STAGE REVIEW: Wasteland @ Northern Stage, Newcastle (25.09.19) | NARC. | Reliably Informed | Music and Creative Arts News for Newcastle and the North East

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Image by Joe Armitage

Exceptionally fierce and furious, poignant yet playful; Wasteland, Gary Clarke’s sequel to the iconic Coal, is political dance at its very finest. Created as an ode to the 25th anniversary marking the closure of Grimethorpe Collery, Wasteland is remarkably topical, a caution from the past to the present. An intricate collaboration of music, imagery, dance and performance that paints a vivid picture of a new music-loving community born from the bricks of derelict warehouses in post-Thatcher Britain. Exploring intensively how two generations subsisted through an era of unsettlement and upheaval, a beautiful balance was crafted between an emotive narrative and an electrifying visual performance.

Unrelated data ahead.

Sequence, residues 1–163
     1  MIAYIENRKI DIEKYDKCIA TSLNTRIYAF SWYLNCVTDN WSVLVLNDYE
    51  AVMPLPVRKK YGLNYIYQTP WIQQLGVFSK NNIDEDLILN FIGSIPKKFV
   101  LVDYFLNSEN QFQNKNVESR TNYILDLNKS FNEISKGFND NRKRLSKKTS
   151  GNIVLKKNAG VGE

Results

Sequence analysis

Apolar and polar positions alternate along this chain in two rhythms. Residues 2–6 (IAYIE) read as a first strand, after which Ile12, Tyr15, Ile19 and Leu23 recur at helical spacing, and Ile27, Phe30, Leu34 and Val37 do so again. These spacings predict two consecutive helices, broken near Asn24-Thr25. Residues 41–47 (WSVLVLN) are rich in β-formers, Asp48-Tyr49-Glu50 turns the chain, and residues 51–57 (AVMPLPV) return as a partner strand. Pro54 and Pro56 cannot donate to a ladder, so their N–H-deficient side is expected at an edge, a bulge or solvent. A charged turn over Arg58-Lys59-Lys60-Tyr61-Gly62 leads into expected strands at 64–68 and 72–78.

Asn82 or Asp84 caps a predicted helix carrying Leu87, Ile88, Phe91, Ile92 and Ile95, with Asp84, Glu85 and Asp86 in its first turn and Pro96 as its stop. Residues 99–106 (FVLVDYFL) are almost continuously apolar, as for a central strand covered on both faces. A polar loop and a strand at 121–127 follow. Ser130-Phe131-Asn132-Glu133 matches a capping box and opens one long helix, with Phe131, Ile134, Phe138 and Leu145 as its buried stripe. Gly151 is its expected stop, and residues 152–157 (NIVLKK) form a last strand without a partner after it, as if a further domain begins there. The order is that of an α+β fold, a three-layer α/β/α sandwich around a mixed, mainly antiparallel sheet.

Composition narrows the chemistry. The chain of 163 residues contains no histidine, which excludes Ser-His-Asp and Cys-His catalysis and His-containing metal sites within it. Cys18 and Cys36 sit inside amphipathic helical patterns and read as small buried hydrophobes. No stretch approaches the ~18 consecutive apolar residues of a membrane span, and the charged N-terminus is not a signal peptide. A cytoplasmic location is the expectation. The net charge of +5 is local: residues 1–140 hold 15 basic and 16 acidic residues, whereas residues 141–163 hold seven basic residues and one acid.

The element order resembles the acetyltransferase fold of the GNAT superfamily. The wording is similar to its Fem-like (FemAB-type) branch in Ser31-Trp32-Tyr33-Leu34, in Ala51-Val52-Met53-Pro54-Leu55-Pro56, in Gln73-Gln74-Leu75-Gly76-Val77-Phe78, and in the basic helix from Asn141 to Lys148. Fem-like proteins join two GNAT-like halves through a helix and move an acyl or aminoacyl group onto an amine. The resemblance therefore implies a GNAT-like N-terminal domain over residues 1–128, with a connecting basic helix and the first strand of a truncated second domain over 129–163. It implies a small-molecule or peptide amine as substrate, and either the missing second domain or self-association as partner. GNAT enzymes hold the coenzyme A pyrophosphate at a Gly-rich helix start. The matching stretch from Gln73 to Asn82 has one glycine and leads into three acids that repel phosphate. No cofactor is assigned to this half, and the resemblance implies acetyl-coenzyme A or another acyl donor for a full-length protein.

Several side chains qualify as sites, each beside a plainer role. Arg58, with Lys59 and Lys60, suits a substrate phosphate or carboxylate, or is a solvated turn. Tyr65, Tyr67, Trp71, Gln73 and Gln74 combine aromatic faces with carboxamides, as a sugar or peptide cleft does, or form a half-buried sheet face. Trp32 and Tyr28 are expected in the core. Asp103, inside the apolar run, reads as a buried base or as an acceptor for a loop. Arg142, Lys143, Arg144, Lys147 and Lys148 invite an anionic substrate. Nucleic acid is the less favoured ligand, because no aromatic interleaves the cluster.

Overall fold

Clarke applies meaning to every movement performed by the exceptional contemporary dancers, whose energy, angst and focus were infectious, right until the curtain closed. The pounding rave soundtrack submerged the audience into intense and infectious darkness, fitting and transformative of the dance floors in derelict warehouses where this Northern subculture thrived. The community cast of male singers and brass musicians successfully narrated a contrasting generation, crafting a sense of nostalgia and tradition. Visually, the archived film and news footage was a powerful backdrop – curating a sense of shared social and political history to resonate with a Northern audience. The hauntingly repetitive sound of “The emission of a succession of repetitive beats” and “kill the bill”, referring to the 1994 Public Order act, rang around my ears for much of the journey home. Spirited, ardent and paramount, a thrilling production that must be seen heard and felt.

 

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